“Conflict”: What’s in a name?


How do you know when you are in conflict? What is it about that situation, dynamic or conversation that makes it feel like you’re suddenly in a difficult conversation?

Is it your heart racing, blood pumping, colour rising to your cheeks and a general sense of unease? For many of us, conflict can be a stressful, threatening experience.

But we may be ‘in conflict’ more than we think.

Conflicting ideas = exchanging ideas

A conflict is actually any time in a conversation with someone when there is a difference of views, opinions, perspective. When we are expressing differing views, opinions or perspectives, we share a something that conflicts with those of the other person. Our ideas conflict with each other. Our views are in conflict. Our perspectives conflict.

This can be a good thing, because that exchange of view, opinions, perspective makes conversation and life interesting. Contrasting ideas can spark creativity. We only have to consider the alternative to see that contrasting ideas are a positive. What would the alternative be? Stagnation. Or not speaking up. That doesn’t sound great.

Positive conflict

So, if many conversations involve an element of difference, why don’t we see that as positive conflict? Sometimes we can be keen to emphasise the absence of ‘conflict’ because that word has a negative association. Paradoxically, acknowledging that there are different ideas being shared can make it easier to open up a conversation about those.

Engaging constructively

So, what can we do when we notice that we’re in a disagreement with someone we are speaking to? It’s noticing that opportunity to embrace the differences and engage in a constructive conversation where ideas are shared.

Here are some tips for that moment when we notice:

  1. Stay calm: remember this is a chance to exchange ideas.
  2. Don’t get personal: using language that attacks the other person themselves is more likely to close down the space for a discussion; instead focus on the views, opinions and perspectives.
  3. Acknowledge the difference: ‘How interesting – it sounds like we’re seeing this differently.’
  4. Explore to understand: ‘I’m curious. Could you tell me a bit more about what’s led you to that perspective?’
  5. Share our voice: ‘Shall I say something about why I see this differently?’

You can connect with Pip here for a conversation about conflict.

Conflict: What I wish I’d learnt at school


An opportunity to work with a group of 15-year olds this month exploring different aspects of conflict got me thinking.  Alongside other life skills such as managing money and nurturing mental health, what are some of the things about conflict that I wish I’d learnt as a teenager?

It’s unavoidable – and may be useful

A good chunk of my training with adult learners deals with the common assumptions that conflict is a bad thing. Or it’s seen as something to be avoided. But it can serve a useful function.  The positives that conflict can offer include the opportunity to air issues that need to be resolved.  We have an opportunity to describe what we need and to make specific requests to meet those needs. It’s an opportunity to embrace diverse thinking and different perspectives. In the workplace, a team without conflict isn’t a dream team, it’s a stagnant team!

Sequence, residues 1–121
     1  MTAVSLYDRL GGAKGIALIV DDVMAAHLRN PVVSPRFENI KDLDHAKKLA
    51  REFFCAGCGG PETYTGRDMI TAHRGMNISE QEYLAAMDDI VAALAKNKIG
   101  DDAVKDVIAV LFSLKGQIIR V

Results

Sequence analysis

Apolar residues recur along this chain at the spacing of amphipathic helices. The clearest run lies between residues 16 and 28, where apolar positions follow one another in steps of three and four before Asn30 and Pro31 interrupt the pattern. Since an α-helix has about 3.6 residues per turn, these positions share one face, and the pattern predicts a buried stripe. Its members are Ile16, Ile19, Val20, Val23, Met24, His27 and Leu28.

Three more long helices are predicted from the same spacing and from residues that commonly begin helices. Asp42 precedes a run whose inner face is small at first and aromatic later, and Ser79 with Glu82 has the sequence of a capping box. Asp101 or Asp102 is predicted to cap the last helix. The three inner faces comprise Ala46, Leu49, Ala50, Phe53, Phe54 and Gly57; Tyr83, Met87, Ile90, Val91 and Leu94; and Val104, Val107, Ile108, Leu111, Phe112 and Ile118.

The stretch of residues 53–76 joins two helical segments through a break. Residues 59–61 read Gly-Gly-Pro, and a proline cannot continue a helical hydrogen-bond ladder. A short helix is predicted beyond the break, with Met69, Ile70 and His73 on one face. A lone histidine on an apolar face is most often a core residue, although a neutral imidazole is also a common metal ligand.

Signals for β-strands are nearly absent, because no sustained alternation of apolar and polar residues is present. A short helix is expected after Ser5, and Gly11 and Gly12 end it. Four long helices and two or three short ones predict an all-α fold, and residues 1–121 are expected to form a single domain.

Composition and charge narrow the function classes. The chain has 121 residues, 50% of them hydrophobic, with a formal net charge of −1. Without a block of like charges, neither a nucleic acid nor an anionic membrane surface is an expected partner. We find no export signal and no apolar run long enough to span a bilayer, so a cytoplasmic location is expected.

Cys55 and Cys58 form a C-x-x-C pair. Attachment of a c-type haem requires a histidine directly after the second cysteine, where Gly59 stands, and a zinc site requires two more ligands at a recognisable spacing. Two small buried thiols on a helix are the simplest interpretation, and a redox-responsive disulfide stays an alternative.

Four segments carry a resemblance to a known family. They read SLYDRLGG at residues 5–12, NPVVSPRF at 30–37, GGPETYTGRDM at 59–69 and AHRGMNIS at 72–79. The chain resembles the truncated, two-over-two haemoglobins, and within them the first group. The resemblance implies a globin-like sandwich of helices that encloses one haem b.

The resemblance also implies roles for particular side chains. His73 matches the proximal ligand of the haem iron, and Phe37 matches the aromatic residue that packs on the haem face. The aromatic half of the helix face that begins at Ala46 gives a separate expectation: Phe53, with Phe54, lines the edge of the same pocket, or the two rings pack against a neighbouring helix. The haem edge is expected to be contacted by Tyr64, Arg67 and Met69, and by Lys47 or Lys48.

And we can’t avoid conflict entirely.  We can choose to disengage from a conflict situation, by choosing an avoidant approach. But we are still subject to that conflict, but now without the scope to work constructively. We;’re missing the opportunity to meet our needs and to understand better what the other person is seeking to achieve. Hint: there’s generally more to it than just because they want to be mean. This might have surprised my 15-year old self!

To understand what’s happening, I need to go beyond the right/wrong trap

Focusing on allocating blame is limiting.  It limits the scope to understand what is driving the other person’s actions and behaviour.  I can widen the scope for us to reach an agreement by making a different choice. I can do this by seeking to understand what’s going on under the surface. Why are they behaving as they are?  What are they trying to achieve?  What really are they trying to achieve? This is also reminds me of the Stephen Covey lesson to ‘seek first to understand’ before I make my own case.

I can choose how I engage with conflict and I can engage better

Our learned conflict style isn’t the only option available to us. Talking through concerns wasn’t the default option when I was growing up. Looking back, I suspect that many of the adults around me were conflict-avoiders. There are certainly times when avoiding a conflict may serve me well. But if that’s my only way of responding then there’s an opportunity to do better. And that could work out better for me too.

My conclusion – I have improved how I manage conflict situations and there’s scope to improve further

I have worked on my conflict skills for some years now. And I sometimes describe myself as a ‘recovering conflict avoider’ when I’m training. Using this is when we’re talking through the five Thomas-Kilman conflict styles (avoiding, competing, compromising, accommodating, collaborating).  

I know that there is always scope to improve. It’s easier to enagage constructively in conflict as a third party, or in a professional setting. And, for me, I find it hardest to respond well in situations of personal conflict with my family. But I appreciate the skills I’ve built so far and I want to go further.

When training and coaching, I always emphasise that conflict skills can be developed at any stage of life. It would be great to start to develop those early on. But even if we didn’t, we can still build a solid set of skills to engage with conflict at all levels of intensity more effectively.